UK gambling addiction worse than expected
In a survey commissioned by the GambleAware charity, YouGov estimated that up to 2.7% of adults in the UK equating to 1.4 million people are problem gamblers. Experts urged caution over the figure, insisting that the actual rate is likely to be closer to the health survey figures of 0.7% cited by industry regulator the UKGC.
The number of problem gamblers which have been defined as scoring more than eight on the Problem Gambling Severity Index (PGSI) may be significantly above current estimates. 16,000 people were questioned for the survey.
The report found that as many as 7% of adults report having been negatively affected by someone else’s gambling problem.
Overall, the research suggests that nearly 5 million British people have experienced harm linked to gambling, even accounting for the overlap between problem gamblers and those they affect.
Both GambleAware and the Gambling Commission said it was likely that YouGov’s findings overestimated the addiction rate, highlighting a review of the data by survey sampling expert Prof Patrick Sturgis.
What does this mean?
Sturgis, a former GambleAware trustee, said both the YouGov survey and the health survey figures were likely to contain flaws, with the true rate of problem gambling likely to be closer to the commonly used 0.7%. However, he suggests the higher figure could not be ruled out, adding that previous research had probably “somewhat underestimated” addiction levels.
The findings are likely to fuel calls for stronger measures to address gambling addiction, amid increased concern about the added risk posed to frequent gamblers isolated at home due to coronavirus.
The Government’s Take
Labour MP Carolyn Harris, who chairs a hybrid-party group of MPs examining gambling harm, said the report was “deeply concerning”.
“While the rate of 2.7% could well be an overestimate, the health survey data seems to be a significant underestimate. This new data suggests that addiction levels are far higher than has been previously thought.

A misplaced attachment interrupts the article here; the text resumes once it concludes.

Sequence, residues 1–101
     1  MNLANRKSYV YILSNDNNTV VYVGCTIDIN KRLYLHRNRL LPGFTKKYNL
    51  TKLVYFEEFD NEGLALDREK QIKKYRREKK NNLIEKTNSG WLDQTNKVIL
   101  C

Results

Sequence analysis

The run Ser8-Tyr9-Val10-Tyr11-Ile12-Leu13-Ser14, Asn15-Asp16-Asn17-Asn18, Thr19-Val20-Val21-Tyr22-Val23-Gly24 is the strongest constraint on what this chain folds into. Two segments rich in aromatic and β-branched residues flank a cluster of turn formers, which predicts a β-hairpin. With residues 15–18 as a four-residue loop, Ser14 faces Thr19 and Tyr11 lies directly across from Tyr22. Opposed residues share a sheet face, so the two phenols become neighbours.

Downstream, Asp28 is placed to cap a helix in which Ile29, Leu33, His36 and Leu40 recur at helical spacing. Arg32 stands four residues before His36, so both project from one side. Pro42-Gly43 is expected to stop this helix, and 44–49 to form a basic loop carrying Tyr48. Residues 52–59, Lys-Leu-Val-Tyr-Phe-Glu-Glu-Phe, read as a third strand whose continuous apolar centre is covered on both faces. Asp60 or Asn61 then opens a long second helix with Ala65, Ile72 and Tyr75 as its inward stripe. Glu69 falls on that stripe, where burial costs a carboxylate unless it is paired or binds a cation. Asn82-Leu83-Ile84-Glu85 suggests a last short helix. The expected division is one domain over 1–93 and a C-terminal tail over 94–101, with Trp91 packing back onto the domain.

“Policymakers, the regulator and gambling support services must take note of these important findings and ensure that the correct provision and regulation is in place to support gamblers in the UK.”
The Gambling Commission said the report had provided “invaluable additional information” about the gaps in current treatment provision across Great Britain. It pointed to £9m it had diverted towards treatment services, funded by penalties levied on gambling firms that breach the terms of their licence.
And that’s not it…
The report also found that nearly half of all addicts were not receiving treatment, with poorer people, women and those from a BAME background the worst affected.
A lack of awareness of services and the stigma associated with gambling problems were both noted as significant barriers to making the most of avenues of treatment and support
While women are less prone to developing a gambling addiction, those who do are three times more likely than men to refer to practical barriers such as cost, time or location as a reason for not accessing treatment or support.
Lenny’s Last Word
Being a subject close to Lenny’s heart, this came as quite a shock to those of us at SuperLenny HQ. As ever, we’ll keep a close eye on this story as it develops. We’re hoping Sturgis is correct and the figures are in fact, a little lower than YouGov’s survey suggests.
Visit our Responsible Gaming page for more information and support on gambling addiction, such as how to spot the signs, and where to go if you feel you need help.
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